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Personal Injury Blog

Road construction is ongoing throughout the Sunshine State, as any Floridian familiar with the orange cones and barrels, warning signs and flashing lights, and heavy construction equipment will tell you. And, it’s not going away any time soon. Economists estimate that more than 900 people move to Florida every day, necessitating highway expansion and infrastructure improvements. Because of this, it’s no surprise that Florida has the third-highest number of construction zone fatalities in the nation, with more than 65% of them involving motor vehicles.

If you’re involved in a construction zone automobile accident, then, you may wonder just who is at fault. But first, let’s take a look at why construction zone accidents happen and the most common construction zone accidents.

Why Do Construction Zone Accidents Happen?

Construction zone accidents probably happen more often than you’d expect. The reason is simple: every construction zone is different, so even experienced drivers can have trouble anticipating what lays ahead and properly navigating around it, no matter how many signs and cones offer direction. Now, put an inexperienced teenager or elderly driver with slower response times behind the wheel in a construction zone, and things get even more dangerous. Of course, the danger is compounded even more at night. Many large construction projects are often performed after dark so as not to disrupt the normal flow of traffic during the day, but the bright lights construction crews use to help them can sometimes unintentionally blind oncoming traffic.

It’s important to understand that the driver is not always at fault, however. In the following sections, you’ll see how workers and equipment can lead to accidents as well.

Most Common Types of Construction Zone Accidents

Understanding the most common types of construction zone accidents is the first step to preventing them from happening. Here are the five most common.

  • Rear-end collisions. Tailgating and distracted driving, such as texting, along with not recognizing slow or stopped traffic often leads to rear-end collisions. In addition, when traffic goes from steady to slow, it can throw drivers off their game.
  • Sideswipes. Narrow lanes with erratic lane shifts can cause vehicle-to-vehicle sideswipes. Other times, uneven roadways may cause a vehicle’s tire to lose traction, sliding into another vehicle or barrier.
  • Striking workers. The most deadly type of construction zone accident, workers performing their job in close proximity to moving vehicles can be of struck by a careless vehicle, or may themselves walk into danger if they’re not paying attention.
  • Collisions with work equipment. Drivers colliding with a slow-moving or parked work vehicle, often when trying to pass, often don’t stand a chance if it’s a 40-ton dump truck filled with cement. Equipment can also be left in the road, forcing a driver to swerve and causing an accident.
  • Collisions with warning equipment. Weighted barrels and motorized pieces of warning equipment can total a vehicle if struck at high speeds. In addition, improperly placed warning equipment may cause a driver to change paths and strike another vehicle, worker, work equipment, or concrete barrier.

Who's At Fault in a Construction Zone Accident?

The United States has invested money into studies designed to make road and highway construction zones safer for drivers, passengers, and workers. In fact, there is a biennial National Work Zone Management Conference held just to focus on reducing construction site fatalities and injuries while improving traffic management. In Florida, traffic fines are now doubled for violations committed in work zones while workers are present, and warning signs are posted accordingly. However, accidents happen.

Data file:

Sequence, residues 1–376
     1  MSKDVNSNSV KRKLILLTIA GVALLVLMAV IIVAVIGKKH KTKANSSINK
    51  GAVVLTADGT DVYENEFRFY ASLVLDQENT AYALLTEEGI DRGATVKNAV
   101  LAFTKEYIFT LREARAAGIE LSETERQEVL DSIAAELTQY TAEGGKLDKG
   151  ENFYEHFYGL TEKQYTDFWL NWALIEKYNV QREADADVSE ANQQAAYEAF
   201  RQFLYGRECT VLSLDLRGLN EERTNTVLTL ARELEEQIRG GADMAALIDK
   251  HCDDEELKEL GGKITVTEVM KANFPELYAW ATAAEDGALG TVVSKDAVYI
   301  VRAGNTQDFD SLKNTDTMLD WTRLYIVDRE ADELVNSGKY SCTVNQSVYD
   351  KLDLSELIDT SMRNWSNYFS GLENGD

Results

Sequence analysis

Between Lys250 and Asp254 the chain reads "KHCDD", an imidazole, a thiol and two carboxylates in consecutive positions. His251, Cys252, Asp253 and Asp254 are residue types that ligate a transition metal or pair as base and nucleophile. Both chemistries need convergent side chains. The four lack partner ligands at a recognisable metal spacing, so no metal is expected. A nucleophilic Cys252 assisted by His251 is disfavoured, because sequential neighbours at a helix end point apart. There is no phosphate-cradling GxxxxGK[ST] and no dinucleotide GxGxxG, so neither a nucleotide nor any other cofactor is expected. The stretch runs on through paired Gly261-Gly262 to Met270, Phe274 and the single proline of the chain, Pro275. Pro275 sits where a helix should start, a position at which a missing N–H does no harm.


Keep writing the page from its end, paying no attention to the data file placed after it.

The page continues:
While drivers are sometimes to blame for construction zone accidents, negligent workers, poorly placed or malfunctioning signs, erratically parked work vehicles, and improperly placed equipment and lighting can also play a role or be the sole cause of the accident. For these reasons, accidents that happen in construction zones usually go through an investigation process to determine if a claim should be against another driver or the construction crew or company. Ultimately, liability comes down to determining the main cause of the accident.

Avoiding Construction Zone Accidents

Just because traffic is often moving slower in construction zones doesn’t mean they’re less dangerous. Accidents can happen in a split second, so it’s important to always proceed with caution. Here are a few tips from the Florida Department of Transportation to keep in mind the next time you travel through a construction zone.

  • Be Alert. Pay attention to the road and your surroundings in the work zone.
  • Don’t Tailgate. Unexpected stops frequently occur in work zones. Allow at least two car lengths between you and the vehicle in front of you.
  • Minimize Distractions. Avoid changing radio stations and using cell phones while driving in the work zone. Dedicate your full attention to the roadway.
  • Expect the Unexpected. Work zones are changing environments. Keep an eye out for workers and their equipment.
  • Don’t Speed. Follow the posted speed limits in and around the work zone.

Were You Involved in a Construction Zone Accident?

If you or a loved one were injured or killed in a construction zone accident and you don’t believe you’re at fault, make sure you get the compensation you deserve! Contact the compassionate experts at Lowman Law Firm. We will discuss your case with you and provide legal guidance. If we take your case, you can be sure we’ll do everything we can to get you the best possible outcome, in as little time as possible. And as always, we don’t get paid unless you do.

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